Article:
Duncan Woodhouse, of Colliers International commercial, said Tauranga was experiencing a level of interest from out of town that hadn't been seen in the past.

"And we are still seeing that flight to quality," he said. "People with older office, retail or industrial properties, are wanting something more modern and more efficient. While their business is growing, they're wanting to capitalise on that."

For the Western Bay of Plenty, the total value of October consents was $26.6m, ahead of last month's $22.5m and also an increase on the $18.8m in consents issued in October 2015. The number of consents was 114, less than last month's 125, but an increase on the 100 consents issued in October a year ago.

Single dwelling consents in the Western Bay were valued at $15.8m, slightly less than last month's $16m, but ahead of the $10.6m in consents issued in October 2015. The number of single dwelling consents issued was 44, an increase on last month's 38 and also ahead of the 29 consents issued in October 2015.

Dwayne Roper, director of developer Zariba Holdings, said sales from the company's residential developments were going strongly and it would be putting through new consents early next year.

"Looking at the latest Priority One data, it's exciting times to have that number of consents in the market. It's a lot more work [being done] and it means we will need a lot of people to do that work."

Western Bay commercial consents were valued at $6.3m, ahead of last month's $1.3m, and also more than the $2.4m in consents issued in October a year ago.

[Factbox]
Tauranga consents included:

An office block at 17th Ave ($1m); six new dwellings at Pacific Coast Retirement Village ($1.3m); four workshops and four first-floor dwellings at 80 Market Place, Papamoa ($1.5m); 11 dwellings at Vision Papamoa Retirement Village ($2.2m); and the foundations for stage one of a community centre at Pacific Coast Retirement Village ($4m).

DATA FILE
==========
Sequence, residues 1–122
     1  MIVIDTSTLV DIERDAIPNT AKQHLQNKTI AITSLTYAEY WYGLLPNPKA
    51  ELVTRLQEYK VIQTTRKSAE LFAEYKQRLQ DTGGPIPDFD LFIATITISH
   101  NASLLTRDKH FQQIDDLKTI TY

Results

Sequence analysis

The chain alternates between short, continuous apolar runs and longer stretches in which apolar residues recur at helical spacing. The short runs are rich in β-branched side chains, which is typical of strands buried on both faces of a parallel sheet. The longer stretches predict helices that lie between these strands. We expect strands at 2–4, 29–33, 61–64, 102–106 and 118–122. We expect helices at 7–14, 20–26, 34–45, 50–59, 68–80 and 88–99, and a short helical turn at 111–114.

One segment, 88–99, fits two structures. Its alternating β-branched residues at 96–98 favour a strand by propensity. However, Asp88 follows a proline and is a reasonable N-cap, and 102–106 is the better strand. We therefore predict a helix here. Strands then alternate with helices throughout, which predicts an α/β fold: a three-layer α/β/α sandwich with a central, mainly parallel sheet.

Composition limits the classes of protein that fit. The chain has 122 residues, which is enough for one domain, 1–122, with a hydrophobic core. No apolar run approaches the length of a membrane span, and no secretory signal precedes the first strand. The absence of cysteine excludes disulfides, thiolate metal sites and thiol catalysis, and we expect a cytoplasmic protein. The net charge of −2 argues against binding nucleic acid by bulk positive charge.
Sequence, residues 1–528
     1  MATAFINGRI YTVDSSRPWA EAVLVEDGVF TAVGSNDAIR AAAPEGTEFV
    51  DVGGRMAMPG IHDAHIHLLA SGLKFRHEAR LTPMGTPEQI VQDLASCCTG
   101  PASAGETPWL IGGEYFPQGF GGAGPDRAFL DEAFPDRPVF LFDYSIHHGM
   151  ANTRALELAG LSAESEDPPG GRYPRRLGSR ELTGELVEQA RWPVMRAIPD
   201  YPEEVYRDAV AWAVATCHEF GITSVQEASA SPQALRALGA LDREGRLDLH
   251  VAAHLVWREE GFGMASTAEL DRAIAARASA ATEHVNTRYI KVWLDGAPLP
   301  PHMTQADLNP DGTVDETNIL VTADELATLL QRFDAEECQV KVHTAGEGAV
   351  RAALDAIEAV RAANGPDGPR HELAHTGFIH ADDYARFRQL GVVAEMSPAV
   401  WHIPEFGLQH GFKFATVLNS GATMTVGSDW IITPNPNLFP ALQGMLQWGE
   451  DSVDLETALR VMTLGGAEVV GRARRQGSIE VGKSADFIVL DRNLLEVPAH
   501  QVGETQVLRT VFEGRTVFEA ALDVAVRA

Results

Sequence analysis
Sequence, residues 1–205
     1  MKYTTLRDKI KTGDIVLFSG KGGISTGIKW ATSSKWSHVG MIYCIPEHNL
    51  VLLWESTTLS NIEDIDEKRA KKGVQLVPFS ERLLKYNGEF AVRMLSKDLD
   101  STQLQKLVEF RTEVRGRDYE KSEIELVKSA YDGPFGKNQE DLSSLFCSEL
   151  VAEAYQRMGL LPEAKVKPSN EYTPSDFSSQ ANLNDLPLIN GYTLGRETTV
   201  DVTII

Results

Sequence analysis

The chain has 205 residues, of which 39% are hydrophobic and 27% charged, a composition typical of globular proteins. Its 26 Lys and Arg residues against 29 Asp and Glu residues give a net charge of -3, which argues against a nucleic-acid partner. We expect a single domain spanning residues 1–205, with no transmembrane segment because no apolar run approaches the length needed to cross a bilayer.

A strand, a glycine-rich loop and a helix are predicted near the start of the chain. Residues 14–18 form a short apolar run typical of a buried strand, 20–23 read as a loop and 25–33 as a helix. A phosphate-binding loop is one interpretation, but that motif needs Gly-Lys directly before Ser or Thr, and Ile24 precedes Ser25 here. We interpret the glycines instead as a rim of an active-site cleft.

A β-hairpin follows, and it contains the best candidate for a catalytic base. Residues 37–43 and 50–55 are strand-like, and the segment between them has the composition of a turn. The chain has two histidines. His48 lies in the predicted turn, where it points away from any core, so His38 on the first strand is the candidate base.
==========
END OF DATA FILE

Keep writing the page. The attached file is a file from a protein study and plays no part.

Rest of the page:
Western Bay of Plenty consents included:

A new coolstore for Eastpack at Washer Rd ($1.2m); and two consents for coolstores for Seeka at Maketu Rd and Young Road ($1.5m; $2m).

[Sidebar]
One of the October transactions is a $1m consent for CBC Construction, which is planning to build an identical 685sq m office block adjoining its new head office on 17th Avenue.

Classic Group relocated to the 17th Avenue Business Park and CBC Construction built its new head office. The project used insulated panelling to reduce build time and the $1.25m build took four months from earthworks to completion.

The new build will be at 190 17th Avenue, and is within the business park area and behind the new head office, said CBC managing director Drew Beekie.

"We're just about to start construction and expect to be completed by the end of February," he said.

"It's exactly the same as what we've built for ourselves."

Mr Beekie said half of the proposed building had already been leased.

- Bay of Plenty Times